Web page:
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Agreeing to Be the Running Expert

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For some odd reason when people recognize passion in a person, they automatically think the person passionate is an expert. While a reasonable thought, as a passionate person might have greater insight, it isn’t entirely accurate to call them an expert per se. Logging hundreds of miles of year and planning weekends around a long run seems commonplace or even automatic but others often struggle, not only to run, but to set a consistent exercise program altogether. We all have the co-worker, neighbor or family member working on a bucket list or trying to get on (or back on) the fitness wagon and usually running is the activity of choice.  Often a dedicated member of their inner circle, who runs like it’s as obvious a daily chore as brushing their teeth, is usually targeted to be asked to “Coach”.  This could entail anything from endless questions, to advice, to actually writing or approving a training plan. Truthfully, it’s a humbling and sweet favor to be asked; however, making sure the parameters and goals are in line is crucial for success for both parties. There are a few things to keep in mind and keep you sane when you agree to be the expert.


Why are you doing this? or What are you hoping to accomplish? is the best place start. The answer to this will help direct your support and advice. Someone wanting to run (not run/walk) an entire 5k is probably at a different beginning point than someone wanting to cross a half marathon or Tough Mudder off their bucket list. The other piece that’s really important to have knowledge of is their current activity level, especially if a training plan is something you have agreed to help with. Make sure to ask them about how much time they are willing to dedicate, or more realistically, time available.  Some people run three days a week, others six. There are drastic differences in training methods and overall goals. To steal from some 1980s Public Service Announcement, “The more you know…” It’s true though. The more you know, the more you will be to help.

Be Reasonable

You are not the one running, nor are you the one completing or aiming for the goal. That may be really obvious, but an important thing to keep in mind is that motivation, desire and fitness levels are probably not going to be at the same level as yours. The idea behind your support should be simple: support and kind nudging.  Not Biggest Loser style pushing.  Now, if someone has come to you asking for help with speed, pushing might be warranted. What doesn’t need to occur is you projecting your workout ethic on to someone else. The approach could be entirely different with someone who wants help completing a race versus someone who is asking for a push. And don’t forget about yourself, if you become uncomfortable at any point answering questions, say you are. If you are not a physical therapist or personal trainer and yet you are really being pushed and held accountable to act and answer like you are,  it is very fair to point them in that direction.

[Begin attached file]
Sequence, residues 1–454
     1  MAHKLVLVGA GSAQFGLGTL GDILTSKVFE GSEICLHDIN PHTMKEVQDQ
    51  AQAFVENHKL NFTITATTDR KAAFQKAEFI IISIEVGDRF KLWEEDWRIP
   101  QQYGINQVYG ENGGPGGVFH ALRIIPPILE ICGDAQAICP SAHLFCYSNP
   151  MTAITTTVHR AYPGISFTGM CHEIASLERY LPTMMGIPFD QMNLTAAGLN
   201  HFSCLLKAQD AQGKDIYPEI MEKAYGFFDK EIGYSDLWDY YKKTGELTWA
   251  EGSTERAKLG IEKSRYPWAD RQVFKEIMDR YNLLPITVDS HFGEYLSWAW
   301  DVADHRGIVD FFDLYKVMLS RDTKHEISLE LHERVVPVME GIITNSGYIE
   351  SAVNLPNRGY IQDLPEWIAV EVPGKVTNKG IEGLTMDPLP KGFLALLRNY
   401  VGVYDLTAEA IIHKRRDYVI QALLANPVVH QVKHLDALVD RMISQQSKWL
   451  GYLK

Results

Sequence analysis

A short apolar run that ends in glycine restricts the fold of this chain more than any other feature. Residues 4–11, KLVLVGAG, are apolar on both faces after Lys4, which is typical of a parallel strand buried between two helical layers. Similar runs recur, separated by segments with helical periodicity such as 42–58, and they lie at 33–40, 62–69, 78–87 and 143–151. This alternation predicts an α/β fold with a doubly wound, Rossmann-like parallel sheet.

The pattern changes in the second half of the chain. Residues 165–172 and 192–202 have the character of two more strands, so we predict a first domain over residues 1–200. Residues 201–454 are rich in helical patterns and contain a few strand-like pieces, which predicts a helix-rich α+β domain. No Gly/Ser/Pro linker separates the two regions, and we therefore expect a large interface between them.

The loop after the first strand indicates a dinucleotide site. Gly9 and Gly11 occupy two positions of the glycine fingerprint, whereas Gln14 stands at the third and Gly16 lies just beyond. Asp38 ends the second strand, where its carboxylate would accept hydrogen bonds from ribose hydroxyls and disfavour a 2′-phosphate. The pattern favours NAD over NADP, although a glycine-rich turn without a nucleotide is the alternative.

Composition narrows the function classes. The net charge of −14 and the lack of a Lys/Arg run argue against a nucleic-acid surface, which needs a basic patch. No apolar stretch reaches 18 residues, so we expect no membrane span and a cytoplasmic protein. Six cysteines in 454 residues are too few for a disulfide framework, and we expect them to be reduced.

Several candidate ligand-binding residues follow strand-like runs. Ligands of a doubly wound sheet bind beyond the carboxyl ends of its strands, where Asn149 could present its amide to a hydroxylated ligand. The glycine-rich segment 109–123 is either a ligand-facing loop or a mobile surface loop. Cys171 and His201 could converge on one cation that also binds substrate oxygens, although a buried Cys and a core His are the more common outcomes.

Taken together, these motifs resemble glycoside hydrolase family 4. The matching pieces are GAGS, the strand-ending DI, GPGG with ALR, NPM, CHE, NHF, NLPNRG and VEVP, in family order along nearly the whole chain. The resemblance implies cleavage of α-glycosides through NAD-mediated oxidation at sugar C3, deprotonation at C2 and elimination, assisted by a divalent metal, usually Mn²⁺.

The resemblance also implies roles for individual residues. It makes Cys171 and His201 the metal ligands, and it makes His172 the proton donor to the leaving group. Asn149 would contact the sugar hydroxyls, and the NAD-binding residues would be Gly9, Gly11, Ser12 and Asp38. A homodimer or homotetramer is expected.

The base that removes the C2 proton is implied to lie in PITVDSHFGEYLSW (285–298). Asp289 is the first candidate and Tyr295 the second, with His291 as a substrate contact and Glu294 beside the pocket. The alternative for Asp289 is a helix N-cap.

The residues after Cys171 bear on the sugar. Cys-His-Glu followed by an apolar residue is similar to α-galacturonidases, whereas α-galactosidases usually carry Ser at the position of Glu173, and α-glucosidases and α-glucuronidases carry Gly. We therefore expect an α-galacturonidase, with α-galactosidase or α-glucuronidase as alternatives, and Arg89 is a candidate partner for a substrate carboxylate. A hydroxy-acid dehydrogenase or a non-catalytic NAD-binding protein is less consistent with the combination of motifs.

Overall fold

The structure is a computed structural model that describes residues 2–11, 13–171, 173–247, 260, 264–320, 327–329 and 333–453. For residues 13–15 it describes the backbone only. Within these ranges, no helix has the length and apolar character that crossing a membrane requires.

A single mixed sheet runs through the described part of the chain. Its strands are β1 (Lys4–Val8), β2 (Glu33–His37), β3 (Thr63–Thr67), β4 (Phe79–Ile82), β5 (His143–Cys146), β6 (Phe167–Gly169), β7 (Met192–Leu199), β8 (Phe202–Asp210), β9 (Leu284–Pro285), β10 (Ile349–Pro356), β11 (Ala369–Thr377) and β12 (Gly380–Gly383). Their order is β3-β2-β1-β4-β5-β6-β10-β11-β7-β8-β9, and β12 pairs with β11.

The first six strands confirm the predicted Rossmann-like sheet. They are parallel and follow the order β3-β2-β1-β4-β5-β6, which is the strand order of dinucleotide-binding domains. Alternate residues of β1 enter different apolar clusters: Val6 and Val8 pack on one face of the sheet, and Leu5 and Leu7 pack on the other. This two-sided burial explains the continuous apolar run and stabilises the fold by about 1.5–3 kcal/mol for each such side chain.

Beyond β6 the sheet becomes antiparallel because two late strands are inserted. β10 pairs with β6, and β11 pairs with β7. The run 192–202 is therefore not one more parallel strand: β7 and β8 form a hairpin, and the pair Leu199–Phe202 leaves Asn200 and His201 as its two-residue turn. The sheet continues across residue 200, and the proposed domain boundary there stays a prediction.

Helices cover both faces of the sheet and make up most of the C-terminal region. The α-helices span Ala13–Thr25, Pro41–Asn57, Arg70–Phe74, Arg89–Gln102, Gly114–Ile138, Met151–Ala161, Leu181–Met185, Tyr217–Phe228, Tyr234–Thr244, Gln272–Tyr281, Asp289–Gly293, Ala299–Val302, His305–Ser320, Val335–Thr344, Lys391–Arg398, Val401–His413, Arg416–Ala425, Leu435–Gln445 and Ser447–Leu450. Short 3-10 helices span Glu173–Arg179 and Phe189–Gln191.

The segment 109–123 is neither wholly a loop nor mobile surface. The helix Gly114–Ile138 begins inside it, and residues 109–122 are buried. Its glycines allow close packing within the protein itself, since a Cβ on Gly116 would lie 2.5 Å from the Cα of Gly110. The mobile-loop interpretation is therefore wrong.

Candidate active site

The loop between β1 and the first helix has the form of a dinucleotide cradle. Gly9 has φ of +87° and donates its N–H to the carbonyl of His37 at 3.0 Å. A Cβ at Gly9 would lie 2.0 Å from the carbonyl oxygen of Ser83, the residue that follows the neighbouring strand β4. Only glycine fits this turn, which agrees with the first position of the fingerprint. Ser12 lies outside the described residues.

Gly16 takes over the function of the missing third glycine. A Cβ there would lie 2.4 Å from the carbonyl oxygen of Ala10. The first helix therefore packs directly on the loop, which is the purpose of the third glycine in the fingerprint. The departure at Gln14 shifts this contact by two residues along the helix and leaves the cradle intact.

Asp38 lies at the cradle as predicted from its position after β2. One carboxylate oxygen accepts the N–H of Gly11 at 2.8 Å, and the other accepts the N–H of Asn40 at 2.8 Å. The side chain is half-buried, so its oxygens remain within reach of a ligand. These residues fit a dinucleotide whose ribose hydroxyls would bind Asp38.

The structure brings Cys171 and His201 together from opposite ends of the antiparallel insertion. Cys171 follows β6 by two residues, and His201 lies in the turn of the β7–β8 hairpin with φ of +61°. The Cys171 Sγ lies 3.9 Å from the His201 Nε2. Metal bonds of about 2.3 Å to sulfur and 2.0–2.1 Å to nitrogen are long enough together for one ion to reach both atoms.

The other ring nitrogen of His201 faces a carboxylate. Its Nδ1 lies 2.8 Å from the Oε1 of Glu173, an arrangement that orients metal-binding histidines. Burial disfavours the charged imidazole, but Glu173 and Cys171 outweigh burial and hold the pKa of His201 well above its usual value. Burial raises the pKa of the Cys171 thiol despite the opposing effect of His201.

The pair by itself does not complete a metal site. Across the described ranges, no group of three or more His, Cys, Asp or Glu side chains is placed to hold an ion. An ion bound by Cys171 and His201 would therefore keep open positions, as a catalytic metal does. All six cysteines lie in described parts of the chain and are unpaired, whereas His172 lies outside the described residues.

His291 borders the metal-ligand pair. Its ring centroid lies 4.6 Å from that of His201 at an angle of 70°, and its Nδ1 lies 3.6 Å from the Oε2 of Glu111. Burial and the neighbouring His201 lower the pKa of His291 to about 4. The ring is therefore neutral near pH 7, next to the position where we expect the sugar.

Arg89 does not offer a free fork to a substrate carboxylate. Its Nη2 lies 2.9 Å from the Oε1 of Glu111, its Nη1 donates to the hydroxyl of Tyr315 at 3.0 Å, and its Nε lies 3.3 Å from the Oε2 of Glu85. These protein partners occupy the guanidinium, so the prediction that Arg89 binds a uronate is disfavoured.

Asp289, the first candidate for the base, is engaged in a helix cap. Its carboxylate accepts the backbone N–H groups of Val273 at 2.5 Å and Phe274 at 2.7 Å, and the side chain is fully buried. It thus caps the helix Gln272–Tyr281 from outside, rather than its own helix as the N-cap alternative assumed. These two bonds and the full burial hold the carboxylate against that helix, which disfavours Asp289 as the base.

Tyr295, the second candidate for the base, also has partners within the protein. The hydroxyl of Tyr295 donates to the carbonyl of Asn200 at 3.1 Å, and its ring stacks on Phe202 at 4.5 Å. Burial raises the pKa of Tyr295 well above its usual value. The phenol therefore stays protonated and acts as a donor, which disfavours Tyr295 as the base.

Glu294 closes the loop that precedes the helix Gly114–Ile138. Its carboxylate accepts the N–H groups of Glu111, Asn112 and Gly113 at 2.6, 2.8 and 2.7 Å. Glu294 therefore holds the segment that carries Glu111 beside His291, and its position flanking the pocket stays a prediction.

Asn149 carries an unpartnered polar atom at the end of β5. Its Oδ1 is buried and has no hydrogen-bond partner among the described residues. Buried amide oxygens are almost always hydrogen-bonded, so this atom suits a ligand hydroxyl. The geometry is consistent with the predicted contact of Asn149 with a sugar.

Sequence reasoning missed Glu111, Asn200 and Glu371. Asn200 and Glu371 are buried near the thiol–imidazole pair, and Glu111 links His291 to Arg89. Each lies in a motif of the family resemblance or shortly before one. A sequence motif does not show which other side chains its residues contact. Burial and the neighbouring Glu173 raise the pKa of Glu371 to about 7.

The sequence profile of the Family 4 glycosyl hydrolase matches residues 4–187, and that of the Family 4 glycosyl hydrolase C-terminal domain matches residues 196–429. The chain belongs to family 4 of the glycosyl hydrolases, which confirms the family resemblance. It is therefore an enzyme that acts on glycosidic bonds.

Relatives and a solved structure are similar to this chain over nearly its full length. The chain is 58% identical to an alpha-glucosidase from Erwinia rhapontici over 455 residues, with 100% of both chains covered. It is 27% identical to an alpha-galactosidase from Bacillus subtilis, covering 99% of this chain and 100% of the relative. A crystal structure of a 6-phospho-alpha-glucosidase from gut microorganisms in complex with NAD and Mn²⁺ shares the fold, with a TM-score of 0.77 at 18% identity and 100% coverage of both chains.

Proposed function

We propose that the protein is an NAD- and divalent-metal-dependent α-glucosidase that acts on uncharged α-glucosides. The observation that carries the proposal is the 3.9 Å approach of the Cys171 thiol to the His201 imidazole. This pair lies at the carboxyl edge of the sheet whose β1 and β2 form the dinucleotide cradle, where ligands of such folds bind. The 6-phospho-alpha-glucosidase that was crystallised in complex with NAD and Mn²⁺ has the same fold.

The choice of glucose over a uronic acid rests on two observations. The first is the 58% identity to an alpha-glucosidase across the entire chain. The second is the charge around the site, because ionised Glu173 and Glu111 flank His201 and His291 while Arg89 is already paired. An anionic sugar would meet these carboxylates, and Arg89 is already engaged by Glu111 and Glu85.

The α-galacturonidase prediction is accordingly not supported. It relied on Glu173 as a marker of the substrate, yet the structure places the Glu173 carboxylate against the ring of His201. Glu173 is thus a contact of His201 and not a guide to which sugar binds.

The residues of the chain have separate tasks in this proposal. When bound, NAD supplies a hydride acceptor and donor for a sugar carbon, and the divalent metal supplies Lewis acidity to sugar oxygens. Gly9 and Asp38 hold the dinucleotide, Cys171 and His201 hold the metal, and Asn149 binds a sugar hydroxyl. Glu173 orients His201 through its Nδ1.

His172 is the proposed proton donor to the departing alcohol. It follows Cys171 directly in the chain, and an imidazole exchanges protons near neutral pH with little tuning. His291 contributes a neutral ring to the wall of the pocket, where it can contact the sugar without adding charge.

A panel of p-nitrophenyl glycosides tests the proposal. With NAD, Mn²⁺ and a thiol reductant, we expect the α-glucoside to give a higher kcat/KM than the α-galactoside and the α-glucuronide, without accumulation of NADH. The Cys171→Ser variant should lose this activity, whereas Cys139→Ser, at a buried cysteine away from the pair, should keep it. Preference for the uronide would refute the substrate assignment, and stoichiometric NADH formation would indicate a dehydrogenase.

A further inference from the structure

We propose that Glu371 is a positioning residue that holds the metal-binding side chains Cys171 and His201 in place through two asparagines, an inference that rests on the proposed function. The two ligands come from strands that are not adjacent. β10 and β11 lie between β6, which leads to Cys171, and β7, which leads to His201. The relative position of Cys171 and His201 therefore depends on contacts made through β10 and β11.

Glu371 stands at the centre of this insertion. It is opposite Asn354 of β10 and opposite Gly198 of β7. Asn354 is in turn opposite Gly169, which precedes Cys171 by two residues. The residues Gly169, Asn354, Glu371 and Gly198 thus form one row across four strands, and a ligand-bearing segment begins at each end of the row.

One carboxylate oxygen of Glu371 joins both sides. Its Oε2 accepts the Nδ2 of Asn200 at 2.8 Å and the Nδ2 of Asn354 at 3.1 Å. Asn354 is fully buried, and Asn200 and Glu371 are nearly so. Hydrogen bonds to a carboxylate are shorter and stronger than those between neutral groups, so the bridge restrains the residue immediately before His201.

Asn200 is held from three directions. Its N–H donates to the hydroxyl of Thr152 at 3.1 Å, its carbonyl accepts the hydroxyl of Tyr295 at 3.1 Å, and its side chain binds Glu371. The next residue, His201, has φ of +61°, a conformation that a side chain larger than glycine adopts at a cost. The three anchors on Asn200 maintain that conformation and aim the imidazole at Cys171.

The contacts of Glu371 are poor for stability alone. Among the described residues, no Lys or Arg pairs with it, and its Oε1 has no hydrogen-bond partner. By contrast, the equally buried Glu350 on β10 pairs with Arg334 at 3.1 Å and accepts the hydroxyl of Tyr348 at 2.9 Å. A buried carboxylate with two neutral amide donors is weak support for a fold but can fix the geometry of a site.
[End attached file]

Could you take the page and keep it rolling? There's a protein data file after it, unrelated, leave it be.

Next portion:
Be a Cheerleader

No reason to learn any choreography and break out the pompoms but it might be helpful if you pay attention. If a high mileage week is coming up ask how they are feeling. Can you notice any marked changes? Compliment them on it.  Did they come to you with a really good, insightful question? Remark on it. As someone that was sought out, make your support stand out from their partner’s comment on how amazing they look or their parent’s comment on their new found commitment.

Set Expectations

Anything you provide in terms of training plans, suggestions on apparel and nutrition isn’t going to guarantee anything. Put that out there. You cannot make anything happen but they sure can. Place the power behind their own actions. It’s a great way to support them and allow them to support themselves. Ideally, you are guiding them and giving them instruction so they won’t keel over or show up to run (or run/walk) a half marathon never having completed more than a 45 minutes of consecutive activity. Be brutally honest with the ugly parts of running. (Within reason of course. You do not want to scare them off!)  Explain about chafing and direct them to purchase Body Glide or some other preventative. And in that conversation explain that it can happen in random places and embarrassing places. Providing them with “inside information” will help boost confidence and in the meantime, hopefully save that post-run shower surprise chafing tends to lead to. The list of other items to note are long and obvious to runners but not necessarily beginners: for men, protecting their nipples, nutrition gels and chews and the effect they can have on your gastrointestinal tract, remind them “tennis shoes” don’t mean running shoes, we all know cotton is rotten but they might not, race day logistics and rules of the road. The list goes on, but try really hard to recall any surprises you had at a race and inform them.

Being the resident expert can be a lot of fun.  It needs to be noted, if you are uncomfortable or unsure answering a question, say so.  You can always say you are still learning as well.  It’s fun to have people not only want to hear about running but actively seeking our your advice. If everyone comes to the table with a reasonable expectation, this can be a great experience. I mean, who doesn’t want to claim they converted someone into a runner?


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